SiliconBeat: Any added danger due to the materials in the battery packs?
Harrigan: With a battery pack with 50 kilowatt hours of energy into it, there's a lot you want to do to ensure a safe situation. The battery pack sits inside of metal closure that's sealed. They have a computer that does nothing other than monitors safety conditions. If you're in car, and something happens -- you get submerged in water, or there's an impact -- the battery gets disconnected. It's like a big circuit-breaker, that would shut off in an earthquake or flood. The computer monitors flooding, fire, smoke, crashes, upside-down.....
SiliconBeat: How does the Tesla perform in government crash tests (front-, side- and offset impact)?
Harrigan: We're in the process of performing them right now. Six of them will be crashed, two of them durability tested. We've only done one of them so far. It passed fine.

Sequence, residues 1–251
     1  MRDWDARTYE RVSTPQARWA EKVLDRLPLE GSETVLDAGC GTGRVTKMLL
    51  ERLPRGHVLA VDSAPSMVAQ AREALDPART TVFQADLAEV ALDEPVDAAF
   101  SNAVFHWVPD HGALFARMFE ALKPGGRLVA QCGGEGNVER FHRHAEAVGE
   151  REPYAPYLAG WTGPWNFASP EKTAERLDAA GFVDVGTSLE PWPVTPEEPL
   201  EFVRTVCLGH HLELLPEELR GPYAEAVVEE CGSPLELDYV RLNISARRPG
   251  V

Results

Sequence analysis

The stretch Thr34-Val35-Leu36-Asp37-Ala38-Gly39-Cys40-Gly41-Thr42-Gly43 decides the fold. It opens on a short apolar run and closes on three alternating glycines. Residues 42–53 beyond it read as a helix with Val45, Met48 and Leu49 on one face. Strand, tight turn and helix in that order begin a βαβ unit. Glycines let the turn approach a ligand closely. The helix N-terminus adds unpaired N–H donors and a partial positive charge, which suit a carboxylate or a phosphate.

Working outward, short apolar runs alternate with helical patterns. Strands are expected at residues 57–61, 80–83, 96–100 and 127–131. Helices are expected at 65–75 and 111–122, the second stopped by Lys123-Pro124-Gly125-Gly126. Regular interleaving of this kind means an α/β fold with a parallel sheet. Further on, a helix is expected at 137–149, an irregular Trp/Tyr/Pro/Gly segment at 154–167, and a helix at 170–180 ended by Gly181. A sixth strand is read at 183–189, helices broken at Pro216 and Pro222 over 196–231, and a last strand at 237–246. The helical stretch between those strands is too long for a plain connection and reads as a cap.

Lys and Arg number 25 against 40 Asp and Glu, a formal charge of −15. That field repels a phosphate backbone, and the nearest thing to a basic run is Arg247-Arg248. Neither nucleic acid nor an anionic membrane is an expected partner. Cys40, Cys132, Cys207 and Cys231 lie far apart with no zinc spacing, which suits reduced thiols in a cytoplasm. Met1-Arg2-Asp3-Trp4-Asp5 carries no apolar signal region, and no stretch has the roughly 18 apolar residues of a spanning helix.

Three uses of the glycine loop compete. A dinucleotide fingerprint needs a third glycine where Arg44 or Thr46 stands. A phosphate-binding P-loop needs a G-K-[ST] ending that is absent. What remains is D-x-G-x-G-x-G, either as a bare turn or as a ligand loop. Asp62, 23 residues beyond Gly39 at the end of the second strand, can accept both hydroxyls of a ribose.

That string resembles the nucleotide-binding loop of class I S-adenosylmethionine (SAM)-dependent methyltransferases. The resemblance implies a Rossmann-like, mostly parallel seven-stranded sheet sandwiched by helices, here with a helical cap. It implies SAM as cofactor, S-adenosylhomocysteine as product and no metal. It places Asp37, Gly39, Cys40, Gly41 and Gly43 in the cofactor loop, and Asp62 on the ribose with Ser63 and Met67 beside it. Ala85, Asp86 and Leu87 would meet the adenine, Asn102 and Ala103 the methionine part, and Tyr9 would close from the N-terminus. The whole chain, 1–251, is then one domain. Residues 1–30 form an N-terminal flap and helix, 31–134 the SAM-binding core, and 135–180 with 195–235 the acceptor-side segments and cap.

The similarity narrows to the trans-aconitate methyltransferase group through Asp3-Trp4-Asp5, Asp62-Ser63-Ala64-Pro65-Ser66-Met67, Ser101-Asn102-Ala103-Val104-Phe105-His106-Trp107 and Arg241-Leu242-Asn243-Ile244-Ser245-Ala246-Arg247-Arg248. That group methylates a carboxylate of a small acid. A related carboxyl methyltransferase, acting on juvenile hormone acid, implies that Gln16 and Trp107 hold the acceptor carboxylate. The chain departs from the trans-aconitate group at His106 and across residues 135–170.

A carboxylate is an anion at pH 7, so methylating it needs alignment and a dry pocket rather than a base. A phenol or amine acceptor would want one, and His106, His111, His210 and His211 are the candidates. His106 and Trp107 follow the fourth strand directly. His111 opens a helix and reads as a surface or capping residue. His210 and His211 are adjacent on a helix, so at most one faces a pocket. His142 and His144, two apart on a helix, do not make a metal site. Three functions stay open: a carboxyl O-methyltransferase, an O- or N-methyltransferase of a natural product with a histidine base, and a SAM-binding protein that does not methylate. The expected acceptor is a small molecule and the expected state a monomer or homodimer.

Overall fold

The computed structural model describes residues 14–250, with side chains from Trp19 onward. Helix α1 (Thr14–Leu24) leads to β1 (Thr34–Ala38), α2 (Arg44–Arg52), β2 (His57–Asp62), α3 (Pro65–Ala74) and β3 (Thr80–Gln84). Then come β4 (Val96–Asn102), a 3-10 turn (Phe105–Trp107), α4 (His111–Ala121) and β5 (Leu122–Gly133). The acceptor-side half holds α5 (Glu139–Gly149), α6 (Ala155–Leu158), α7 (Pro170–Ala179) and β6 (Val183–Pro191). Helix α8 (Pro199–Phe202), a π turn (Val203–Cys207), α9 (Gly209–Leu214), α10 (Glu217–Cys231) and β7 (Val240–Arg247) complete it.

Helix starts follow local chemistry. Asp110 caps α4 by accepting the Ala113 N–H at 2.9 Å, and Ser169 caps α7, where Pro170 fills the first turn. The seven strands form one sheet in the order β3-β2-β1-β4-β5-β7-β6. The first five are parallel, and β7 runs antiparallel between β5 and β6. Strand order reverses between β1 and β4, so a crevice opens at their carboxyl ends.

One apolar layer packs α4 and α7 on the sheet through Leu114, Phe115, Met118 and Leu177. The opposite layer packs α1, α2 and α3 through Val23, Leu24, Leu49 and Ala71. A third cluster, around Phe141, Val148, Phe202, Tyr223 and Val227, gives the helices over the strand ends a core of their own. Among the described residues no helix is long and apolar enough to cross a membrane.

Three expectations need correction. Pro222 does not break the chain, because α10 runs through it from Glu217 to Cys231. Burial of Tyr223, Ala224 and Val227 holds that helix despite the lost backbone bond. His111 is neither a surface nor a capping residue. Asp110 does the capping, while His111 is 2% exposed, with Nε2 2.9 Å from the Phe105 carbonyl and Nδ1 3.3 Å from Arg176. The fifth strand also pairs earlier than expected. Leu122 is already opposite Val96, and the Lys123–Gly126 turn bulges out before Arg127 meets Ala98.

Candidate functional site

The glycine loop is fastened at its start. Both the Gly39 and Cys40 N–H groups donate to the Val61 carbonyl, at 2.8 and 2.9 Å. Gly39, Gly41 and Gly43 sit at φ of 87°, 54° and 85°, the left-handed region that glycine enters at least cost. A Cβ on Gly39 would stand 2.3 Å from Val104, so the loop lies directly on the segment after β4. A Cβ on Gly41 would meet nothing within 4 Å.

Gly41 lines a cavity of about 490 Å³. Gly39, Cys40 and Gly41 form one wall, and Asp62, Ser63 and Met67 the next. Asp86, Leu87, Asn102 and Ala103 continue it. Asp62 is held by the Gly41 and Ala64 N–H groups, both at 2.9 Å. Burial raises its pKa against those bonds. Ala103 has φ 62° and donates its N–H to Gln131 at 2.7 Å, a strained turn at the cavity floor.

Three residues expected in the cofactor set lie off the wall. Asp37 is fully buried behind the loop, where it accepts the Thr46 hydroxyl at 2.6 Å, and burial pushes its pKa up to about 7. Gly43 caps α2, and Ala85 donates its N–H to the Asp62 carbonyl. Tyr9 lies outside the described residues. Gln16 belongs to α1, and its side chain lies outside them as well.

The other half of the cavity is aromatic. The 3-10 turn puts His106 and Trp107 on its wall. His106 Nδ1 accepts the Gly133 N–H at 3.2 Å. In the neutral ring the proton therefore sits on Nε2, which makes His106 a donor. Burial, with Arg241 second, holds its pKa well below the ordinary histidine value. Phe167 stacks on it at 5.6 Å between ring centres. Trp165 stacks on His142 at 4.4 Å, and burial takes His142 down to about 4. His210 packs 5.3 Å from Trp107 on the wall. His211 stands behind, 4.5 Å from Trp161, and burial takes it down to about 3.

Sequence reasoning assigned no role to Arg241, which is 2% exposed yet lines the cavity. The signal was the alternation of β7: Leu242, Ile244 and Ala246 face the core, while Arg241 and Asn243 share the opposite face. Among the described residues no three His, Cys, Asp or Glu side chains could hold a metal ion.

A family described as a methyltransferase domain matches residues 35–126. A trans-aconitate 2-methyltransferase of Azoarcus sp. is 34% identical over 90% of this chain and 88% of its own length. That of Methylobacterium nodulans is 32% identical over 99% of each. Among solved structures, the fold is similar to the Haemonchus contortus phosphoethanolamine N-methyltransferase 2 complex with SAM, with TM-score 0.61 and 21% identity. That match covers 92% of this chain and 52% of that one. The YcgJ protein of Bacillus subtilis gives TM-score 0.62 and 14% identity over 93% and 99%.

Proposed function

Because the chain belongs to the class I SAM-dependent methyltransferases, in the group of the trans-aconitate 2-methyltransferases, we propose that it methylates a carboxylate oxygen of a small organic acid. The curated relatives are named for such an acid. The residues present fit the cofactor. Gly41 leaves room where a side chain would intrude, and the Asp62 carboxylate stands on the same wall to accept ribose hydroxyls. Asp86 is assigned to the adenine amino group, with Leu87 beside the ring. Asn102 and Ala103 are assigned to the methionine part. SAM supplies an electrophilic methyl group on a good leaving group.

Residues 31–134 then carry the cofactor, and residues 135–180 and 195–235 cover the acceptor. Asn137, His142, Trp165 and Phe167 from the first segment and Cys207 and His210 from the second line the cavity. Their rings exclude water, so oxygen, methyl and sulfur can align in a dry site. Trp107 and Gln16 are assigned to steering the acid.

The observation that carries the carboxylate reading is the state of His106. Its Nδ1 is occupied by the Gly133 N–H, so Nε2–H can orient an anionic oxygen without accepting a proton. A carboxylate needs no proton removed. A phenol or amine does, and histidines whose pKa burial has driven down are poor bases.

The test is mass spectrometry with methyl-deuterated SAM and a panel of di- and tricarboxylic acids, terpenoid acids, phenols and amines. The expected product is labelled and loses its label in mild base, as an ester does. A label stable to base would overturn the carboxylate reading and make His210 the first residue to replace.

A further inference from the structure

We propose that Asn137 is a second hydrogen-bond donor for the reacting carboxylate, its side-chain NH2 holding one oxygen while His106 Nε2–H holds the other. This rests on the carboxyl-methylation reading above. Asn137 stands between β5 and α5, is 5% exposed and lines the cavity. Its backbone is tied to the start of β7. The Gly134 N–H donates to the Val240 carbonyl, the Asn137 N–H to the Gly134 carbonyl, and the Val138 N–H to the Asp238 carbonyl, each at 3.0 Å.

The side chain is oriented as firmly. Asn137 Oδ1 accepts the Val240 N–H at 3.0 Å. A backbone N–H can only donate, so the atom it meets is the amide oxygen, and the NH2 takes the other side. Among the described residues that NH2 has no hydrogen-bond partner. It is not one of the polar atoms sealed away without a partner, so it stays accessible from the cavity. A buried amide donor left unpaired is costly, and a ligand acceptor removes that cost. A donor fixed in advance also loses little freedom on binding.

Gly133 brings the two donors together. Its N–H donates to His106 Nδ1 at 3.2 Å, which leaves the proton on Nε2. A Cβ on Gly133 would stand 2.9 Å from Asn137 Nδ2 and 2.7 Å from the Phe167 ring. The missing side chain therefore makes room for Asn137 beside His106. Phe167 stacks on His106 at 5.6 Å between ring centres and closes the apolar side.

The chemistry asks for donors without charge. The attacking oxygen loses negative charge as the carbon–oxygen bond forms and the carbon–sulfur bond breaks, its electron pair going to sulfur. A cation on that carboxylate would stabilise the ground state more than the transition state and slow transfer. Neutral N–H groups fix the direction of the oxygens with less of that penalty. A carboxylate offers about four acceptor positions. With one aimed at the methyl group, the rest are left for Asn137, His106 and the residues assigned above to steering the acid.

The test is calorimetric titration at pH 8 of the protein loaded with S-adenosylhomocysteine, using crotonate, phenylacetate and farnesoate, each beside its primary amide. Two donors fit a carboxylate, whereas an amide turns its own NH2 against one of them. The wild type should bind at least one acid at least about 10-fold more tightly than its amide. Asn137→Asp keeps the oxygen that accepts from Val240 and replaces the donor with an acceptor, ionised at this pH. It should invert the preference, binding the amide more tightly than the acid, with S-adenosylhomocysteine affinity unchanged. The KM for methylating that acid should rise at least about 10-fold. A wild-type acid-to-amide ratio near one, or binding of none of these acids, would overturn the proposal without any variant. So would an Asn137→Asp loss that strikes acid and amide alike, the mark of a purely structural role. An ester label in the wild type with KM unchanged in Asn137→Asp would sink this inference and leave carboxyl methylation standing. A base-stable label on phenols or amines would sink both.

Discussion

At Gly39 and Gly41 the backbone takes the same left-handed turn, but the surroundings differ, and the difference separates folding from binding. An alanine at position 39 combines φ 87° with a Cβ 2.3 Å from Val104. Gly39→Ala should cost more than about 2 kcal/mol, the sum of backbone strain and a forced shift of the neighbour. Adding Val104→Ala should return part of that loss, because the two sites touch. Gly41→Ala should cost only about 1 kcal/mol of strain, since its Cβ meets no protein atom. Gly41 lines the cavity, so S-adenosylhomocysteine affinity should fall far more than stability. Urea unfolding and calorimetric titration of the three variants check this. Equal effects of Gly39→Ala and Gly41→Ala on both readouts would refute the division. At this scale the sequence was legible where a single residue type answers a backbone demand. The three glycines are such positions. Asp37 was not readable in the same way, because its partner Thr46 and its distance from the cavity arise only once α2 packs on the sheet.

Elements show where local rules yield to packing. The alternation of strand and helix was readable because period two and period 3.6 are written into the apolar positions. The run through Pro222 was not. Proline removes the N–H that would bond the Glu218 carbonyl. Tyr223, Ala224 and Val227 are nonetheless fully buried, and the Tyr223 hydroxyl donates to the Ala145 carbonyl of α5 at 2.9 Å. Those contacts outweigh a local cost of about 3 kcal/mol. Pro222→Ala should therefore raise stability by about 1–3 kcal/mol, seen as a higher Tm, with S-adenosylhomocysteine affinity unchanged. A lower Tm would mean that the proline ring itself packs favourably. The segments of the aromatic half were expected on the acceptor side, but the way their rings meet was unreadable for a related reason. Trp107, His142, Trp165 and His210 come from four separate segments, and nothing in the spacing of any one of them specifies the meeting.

SiliconBeat: Does the Tesla have front and side air bags?
Harrigan: Yes. The company just had $50 million of venture capital poured into it, a lot of it to ensure we have these systems and that the car could pass safety inspections.
SiliconBeat: In addition to driveline expertise, does your company have mechanical engineering and mass production expertise?
Harrigan: The company has 60 to 70 engineers. (It has 80 total employees in San Carlos, 20 in the UK.) Of our engineering organization, probably half of them are mechanical engineers. And of those, half of them directly out of the auto indsutry.
SiliconBeat: How did venture capitalists treat you when you were looking for cash?
Harrigan: It was a pretty gut-wrenching round. There were a lot of firms we talked with, a lot of different terms. One prominent firm wanted to do deal, but wouldn't give us the valuation we wanted. We weren't benefiting from all this good publicity lately. With the product being launched, and the positive response we've gotten, it would be a lot easier for us to raise venture capital right now.